What Does Pulsatile Tinnitus Sound Like?


Woman holding her ear suffering from Pulsatile Tinnitus.

After his lunch break, Greg sits back down at his desk, and he hears something weird: a pulsing… or a kind of whooshing. It’s Friday, so he’s watching the clock very closely, so maybe it’s the tick, tick, tick of the second hand? Nope, not that; it doesn’t match up. What’s more, this whooshing sound seems like it’s coming from inside his own head, and it matches the beating of his heart perfectly.

Greg is experiencing something called pulsatile tinnitus. Only he doesn’t realize that’s what it is because pulsatile tinnitus isn’t exactly popularly known. When Greg thinks of tinnitus, he imagines buzzing and ringing sounds. So Greg fixates on the thrumming sound, wondering what it could mean.

What is pulsatile tinnitus, and what does it sound like?

Most tinnitus is defined, more or less, as a sound that only you can hear. Sometimes it’s a buzzing; sometimes it’s a ringing–sometimes it’s something entirely different. But in almost all cases, the sound is caused by an underlying issue (usually damage to or malfunctions in the ears–and only you can hear it).

Pulsatile tinnitus is a little different. Technically, the sound is still generated in your ears, but it’s a real sound. People have made verified audio recordings of what they hear. The underlying causes of pulsatile tinnitus tend to be a little different than other forms of tinnitus, and as a result, the origin of the sound is different too.

For most people, pulsatile tinnitus will sound like a rhythmic throbbing, thumping, or whooshing. And that rhythm will usually be in sync with your heartbeat. That’s because the source of the sound has to do with something called turbulent blood flow.

Can everyone hear my pulsatile tinnitus?

You can’t usually hear the blood flowing through your body. That would be weird and, uh, a little icky, honestly. But because of the location of the carotid artery (right behind your ears), when something causes your blood flow to become a little turbulent, you can actually hear it. 

Some of that has to do with the acoustics of your head. But In theory, Greg could take his smartphone microphone and place it against his ear and–just maybe–get a recording of the thumping or whooshing sound that he’s hearing.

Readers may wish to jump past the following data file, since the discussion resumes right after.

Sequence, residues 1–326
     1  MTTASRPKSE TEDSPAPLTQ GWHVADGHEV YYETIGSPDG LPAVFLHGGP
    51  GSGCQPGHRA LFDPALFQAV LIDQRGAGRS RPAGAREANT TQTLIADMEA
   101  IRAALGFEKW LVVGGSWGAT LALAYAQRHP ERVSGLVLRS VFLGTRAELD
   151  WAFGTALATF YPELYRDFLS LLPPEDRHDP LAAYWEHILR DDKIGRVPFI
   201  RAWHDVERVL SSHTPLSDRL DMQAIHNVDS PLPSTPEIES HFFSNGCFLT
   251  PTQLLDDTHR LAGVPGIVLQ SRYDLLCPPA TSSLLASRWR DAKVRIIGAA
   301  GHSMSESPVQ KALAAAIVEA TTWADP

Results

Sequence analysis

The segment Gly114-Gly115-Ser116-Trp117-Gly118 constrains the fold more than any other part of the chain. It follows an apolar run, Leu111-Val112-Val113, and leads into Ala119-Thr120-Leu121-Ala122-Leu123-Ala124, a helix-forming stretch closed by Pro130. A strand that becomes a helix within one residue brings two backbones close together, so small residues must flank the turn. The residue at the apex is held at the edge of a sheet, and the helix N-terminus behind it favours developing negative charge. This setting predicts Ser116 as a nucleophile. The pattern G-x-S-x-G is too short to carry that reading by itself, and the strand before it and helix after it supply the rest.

Now that I know what it sounds like, what causes pulsatile tinnitus?

So, Greg has done a basic Google search (he spent some time at WebMD, as we all do), and now he’s thinking about root causes. What could be at the heart (no pun intended) of the turbulent blood causing his pulsatile tinnitus? There are a couple of different potential causes:

  • High blood pressure: High blood pressure can have a number of negative impacts on your overall health, and pulsatile tinnitus can be yet another symptom of hypertension (that’s the fancy medical term for high blood pressure). When you have high blood pressure, your blood flow through your carotid artery (again, located quite close to your ear) is more likely to be turbulent–and cause pulsatile tinnitus.
  • Conductive hearing loss: Conductive hearing loss is typically caused by some kind of obstruction or infection, and it’s relatively common for this core issue to also cause turbulent blood flow (or change the acoustics of your head, thanks to some mucus soundproofing). Pulsatile tinnitus results in many of those cases (though it usually wanes once the root causes are addressed).
  • Carotid artery disease: Buildup of plaque in the carotid artery can cause turbulent blood flow (think about a babbling creek or rushing rapids… only in your ears).
  • A variety of blood vessel disorders: There are also a wide variety of blood disorders that can cause pulsatile tinnitus.

It’s not uncommon to experience temporary bouts of pulsatile tinnitus every once in a while. It’s when that rhythmic thumping doesn’t go away that you need to consider talking to a hearing specialist.

How do you treat pulsatile tinnitus?

If Greg’s pulsatile tinnitus symptoms last for much longer than a few hours, he’d be wise to get things checked out by a specialist. Treatment for pulsatile tinnitus generally involves identifying the root cause of the symptoms (and in this way, treating pulsatile tinnitus is not much different from treating buzzing-and-ringing tinnitus).

But at least now, when Greg hears that whooshing or thumping in his ears, he’ll know exactly what he’s listening to–and where that sound comes from.

Want more information?

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